RI: With all of this pressure, and competition from other media, has radio lost its coolness? If so, what can be done to fix it?
BW:
Embrace new technologies. Even though 7 1/2 people own HD radios right now, Greater Media jumped in. We’ve got to start somewhere, so start the process. MMR was one of the first stations to offer its own digital music store. We don’t sell a ton — around 13-1,500 titles a month — and don’t make a ton of money from it, but it’s an interactive experience. We also podcast. We didn’t know how we could make money with it, but credit again to our company. We decided to just start, and figure out how to make money later. And we sold our first podcast sponsorship — a long-term sponsorship — to Verizon. Right now, Preston and Steve have 2,500 subscribers for their podcast. In July they had 100,000 downloads. We offer a large chunk of their show, and we have little concerns — we have to cut out the commercials and any music they might play — but it’s a way of addressing the people who are mobile . It costs a lot of money for the producers to cut it up, but it’s a start. We’re developing the loyalty and love for the brand. Our afternoon guy Jaxon does a local music podcast, 30 minutes of local bands, so we get around the copyright issue. It’s offers an avenue for more people to come to us.

Here’s the thing about podcasts; If I get it every day because I’m a subscriber, or I pull a show that I love, it can be forwarded to somebody in St. Louis or South Philly who doesn’t get the show. Maybe there was some remarkable moment that you want to share. You spread the word that way.

We’ve also started a text-messaging program. That also costs money, but Greater Media gave me the money to set up our own text-messaging service. It’s great for contests. If you do a contest and 300 people call in to the six request lines, 293 people get busy signals. If you do a texting contest, everyone who doesn’t win gets an automated reply thanking them for trying, and inviting them to try again. That’s one thing I love about the program — it’s a great way to talk to people over a platform they’re already doing. We have to keep looking for more.

We also have downloadable ringtones available on our website that are clutch phrases from our shows, and I recently read about getting programming on cell phones. I want to find out more about that because that’s another portable device that people have with them all the time. How do we get an FM tuner in your Nokia? That’s what I want.


RI: What are you thoughts on the Portable People Meter?
BW:
I look forward to it. Even though it will be a big transition and our TSL levels will probably drop — Philadelphia was a test market; they’ve done it once before — I’d rather have more finite information that may be hard to swallow initially. It’s all about usage, it’s not about recall. I approach it with trepidation but I still think it’s a step in the right direction. I’m a little nervous about the panel because once they are in there in for the long haul, you have to trust that Arbitron knows what they’re doing, and that that panel is truly representative of 5 1/2 million people.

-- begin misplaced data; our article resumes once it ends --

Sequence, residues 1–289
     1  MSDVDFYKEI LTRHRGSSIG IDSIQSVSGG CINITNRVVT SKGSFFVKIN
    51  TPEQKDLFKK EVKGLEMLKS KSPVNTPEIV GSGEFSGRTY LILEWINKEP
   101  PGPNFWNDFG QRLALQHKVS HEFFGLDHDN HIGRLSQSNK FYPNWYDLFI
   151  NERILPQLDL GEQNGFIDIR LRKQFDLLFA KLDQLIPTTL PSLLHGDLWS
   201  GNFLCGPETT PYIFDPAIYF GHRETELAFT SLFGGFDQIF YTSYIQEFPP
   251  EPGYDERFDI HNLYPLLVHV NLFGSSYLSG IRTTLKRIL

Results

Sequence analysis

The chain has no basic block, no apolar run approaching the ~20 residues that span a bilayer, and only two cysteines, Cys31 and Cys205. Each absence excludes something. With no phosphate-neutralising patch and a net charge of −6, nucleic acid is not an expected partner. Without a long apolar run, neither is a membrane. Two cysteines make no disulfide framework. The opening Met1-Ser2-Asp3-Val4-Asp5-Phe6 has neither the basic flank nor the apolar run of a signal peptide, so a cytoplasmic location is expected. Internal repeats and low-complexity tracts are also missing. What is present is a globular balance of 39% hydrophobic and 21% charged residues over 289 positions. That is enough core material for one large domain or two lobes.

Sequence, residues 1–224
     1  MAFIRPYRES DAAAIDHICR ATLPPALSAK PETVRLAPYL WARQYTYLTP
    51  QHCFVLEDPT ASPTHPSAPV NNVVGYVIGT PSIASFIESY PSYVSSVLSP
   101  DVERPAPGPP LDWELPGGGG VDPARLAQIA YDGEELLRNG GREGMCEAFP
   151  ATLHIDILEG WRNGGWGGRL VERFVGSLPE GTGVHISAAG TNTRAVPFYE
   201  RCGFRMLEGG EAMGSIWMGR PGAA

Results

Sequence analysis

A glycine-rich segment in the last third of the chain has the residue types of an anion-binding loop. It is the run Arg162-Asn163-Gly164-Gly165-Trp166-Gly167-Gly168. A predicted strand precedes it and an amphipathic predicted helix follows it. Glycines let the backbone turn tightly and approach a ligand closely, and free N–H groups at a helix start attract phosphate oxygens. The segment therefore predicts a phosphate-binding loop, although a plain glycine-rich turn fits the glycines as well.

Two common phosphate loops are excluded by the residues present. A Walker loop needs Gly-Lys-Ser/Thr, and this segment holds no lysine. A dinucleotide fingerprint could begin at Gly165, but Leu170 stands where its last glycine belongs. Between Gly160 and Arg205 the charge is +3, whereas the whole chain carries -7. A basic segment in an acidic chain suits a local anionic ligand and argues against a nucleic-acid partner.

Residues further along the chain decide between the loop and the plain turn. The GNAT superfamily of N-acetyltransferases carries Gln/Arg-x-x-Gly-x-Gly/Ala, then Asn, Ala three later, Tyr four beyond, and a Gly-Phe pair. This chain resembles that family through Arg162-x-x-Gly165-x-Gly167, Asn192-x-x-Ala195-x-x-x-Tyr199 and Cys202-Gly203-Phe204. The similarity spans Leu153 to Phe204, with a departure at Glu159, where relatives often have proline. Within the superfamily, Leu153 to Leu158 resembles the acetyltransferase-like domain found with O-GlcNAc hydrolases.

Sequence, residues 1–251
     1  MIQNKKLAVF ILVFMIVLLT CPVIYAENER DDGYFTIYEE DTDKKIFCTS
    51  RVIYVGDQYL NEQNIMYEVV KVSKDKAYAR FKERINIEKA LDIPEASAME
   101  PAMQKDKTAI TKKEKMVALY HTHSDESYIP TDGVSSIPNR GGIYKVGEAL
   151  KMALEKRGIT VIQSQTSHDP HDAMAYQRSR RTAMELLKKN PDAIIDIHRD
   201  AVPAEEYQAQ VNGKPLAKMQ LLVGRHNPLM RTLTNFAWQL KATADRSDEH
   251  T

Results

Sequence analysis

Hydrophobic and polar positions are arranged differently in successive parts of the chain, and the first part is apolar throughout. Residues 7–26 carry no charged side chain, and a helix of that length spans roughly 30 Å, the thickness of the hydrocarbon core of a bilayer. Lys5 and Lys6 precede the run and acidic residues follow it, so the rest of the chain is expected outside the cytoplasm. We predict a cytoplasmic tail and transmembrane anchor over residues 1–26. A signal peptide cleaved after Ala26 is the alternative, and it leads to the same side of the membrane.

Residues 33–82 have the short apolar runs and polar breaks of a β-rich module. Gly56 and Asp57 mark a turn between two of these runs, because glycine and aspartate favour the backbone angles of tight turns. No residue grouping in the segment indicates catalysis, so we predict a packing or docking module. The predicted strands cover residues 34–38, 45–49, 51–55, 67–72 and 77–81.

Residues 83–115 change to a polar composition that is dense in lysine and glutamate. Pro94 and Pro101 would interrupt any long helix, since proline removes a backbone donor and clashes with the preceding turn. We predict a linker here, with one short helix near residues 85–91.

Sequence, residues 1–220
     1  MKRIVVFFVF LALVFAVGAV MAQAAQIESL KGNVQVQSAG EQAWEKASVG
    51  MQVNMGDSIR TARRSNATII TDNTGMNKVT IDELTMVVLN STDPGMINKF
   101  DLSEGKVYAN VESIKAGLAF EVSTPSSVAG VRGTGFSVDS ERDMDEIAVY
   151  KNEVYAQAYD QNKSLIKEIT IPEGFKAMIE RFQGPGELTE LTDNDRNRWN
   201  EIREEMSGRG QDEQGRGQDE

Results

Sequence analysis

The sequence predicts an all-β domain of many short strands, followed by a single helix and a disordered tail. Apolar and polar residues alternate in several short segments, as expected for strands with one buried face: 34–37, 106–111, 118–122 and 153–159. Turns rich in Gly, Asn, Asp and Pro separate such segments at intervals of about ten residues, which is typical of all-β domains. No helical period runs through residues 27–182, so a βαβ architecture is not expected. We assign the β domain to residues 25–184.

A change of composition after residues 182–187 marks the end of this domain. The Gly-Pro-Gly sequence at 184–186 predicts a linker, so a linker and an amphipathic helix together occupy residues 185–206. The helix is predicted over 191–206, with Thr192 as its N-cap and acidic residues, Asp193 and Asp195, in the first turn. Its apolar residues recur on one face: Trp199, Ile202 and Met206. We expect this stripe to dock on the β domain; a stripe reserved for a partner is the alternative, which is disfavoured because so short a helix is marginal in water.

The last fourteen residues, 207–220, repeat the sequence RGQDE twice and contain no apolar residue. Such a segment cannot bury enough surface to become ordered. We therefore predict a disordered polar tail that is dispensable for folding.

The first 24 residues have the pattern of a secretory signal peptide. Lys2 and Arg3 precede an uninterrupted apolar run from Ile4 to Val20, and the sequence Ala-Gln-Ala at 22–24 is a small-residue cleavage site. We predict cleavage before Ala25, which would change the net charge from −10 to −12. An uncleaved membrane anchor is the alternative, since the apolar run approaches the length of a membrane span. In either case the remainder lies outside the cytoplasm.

RI: What is it about the panel approach that concerns you?
BW:
A station like WMMR could get hurt. I mentioned that people want to give us the vote, root for the uniform. But there could be some older cume that doesn’t listen to the radio all that much. If they got one of those old ratings books, some of the older demos may write our radio station down, even though they’re not giving us all of the usage they reported. We could get dinged on the upper end, but hopefully it will be compensated by better performance on the younger end, which has always been a struggle for Arbitron to capture.


RI: Where do you see HD Radio going? From a content standpoint, what will get people interested enough buy receivers and to make it successful?
BW:
I wish I had the answer for that. We’re about ready to launch HD. It’s a good product extension and imaging thing as far as usage. We talk about fragmentation and we shouldn’t be afraid of it. It’s kind of like TV; we had three network stations, and now you’ve got 150 cable stations. We’re doing a live music channel, something complementary to what MMR does on its main channel. I don’t know what the killer app is, but in order for us to move forward, it’s a great idea. It’s like what we did with podcasting; we put our toe in the water, and figured some things out along the way. With HD, we’ve got to jump in now, put the live music channel on and see from there. Maybe something will come up for a niche audience that will make them willing to spend the $300 to get it full time.

RI: How has Elliot Spitzer’s payola investigation affected the kinds of promotions stations can do?
BW:
It’s very basic. Radio stations cannot accept promotional support from record companies in return for implied or actual airplay or adds, but we can ask them for support after the add. We’ve got some pretty decent marketing budgets and we have good promotional ads. We spend tens of thousands of dollars on t-shirts, so that support isn’t something that we really need. But some of the smaller-market radio stations might say, “Hey, we’re playing your band. Can we do some station t-shirts and put the band logo on the t-shirt?’ In the past, they might have heard, “Well, if you give me the bump from 15 to 25 spins.” That stuff isn’t happening anymore.

RI: What about music giveaways. How prickly has it become since the investigations started?
BW:
For a radio station like WMMR, which plays a lot of current music and reaches 580,000 people 12 plus, the amount of product we get into the radio station is tiny. Even if we’re playing a record and a label offers some giveaways to thank us for supporting a record, I have to have the vice president or market manager sign that it’s not an exchange for airplay. It’s ridiculous. And I think the record companies are really skittish about anything.

RI: But is it ultimately good for PDs, since these steps cover your tracks and protect you from a possible investigation?
BW:
It seems a little bit of a hassle for a box of records. If you get a band who generally charges $10,000 to do a show for you, that is something you want to be real clear about — that we’re not going to play this record so this band plays our station party. If we’ve had a band on the playlist six or eight weeks and they’re starting to work for us, if they can play an event for us before they get too big it’s kind of neat. It will promote the artist, and it will promote their record being available.

I think overall it’s good, but I miss the creative, zanier types of promotional ideas that might come from the record companies. There’s not a whole lot of creative input on the record company side of things. I think some of the creativity has gone out of it a little bit in this quest to keep the I’s dotted, T’s crossed.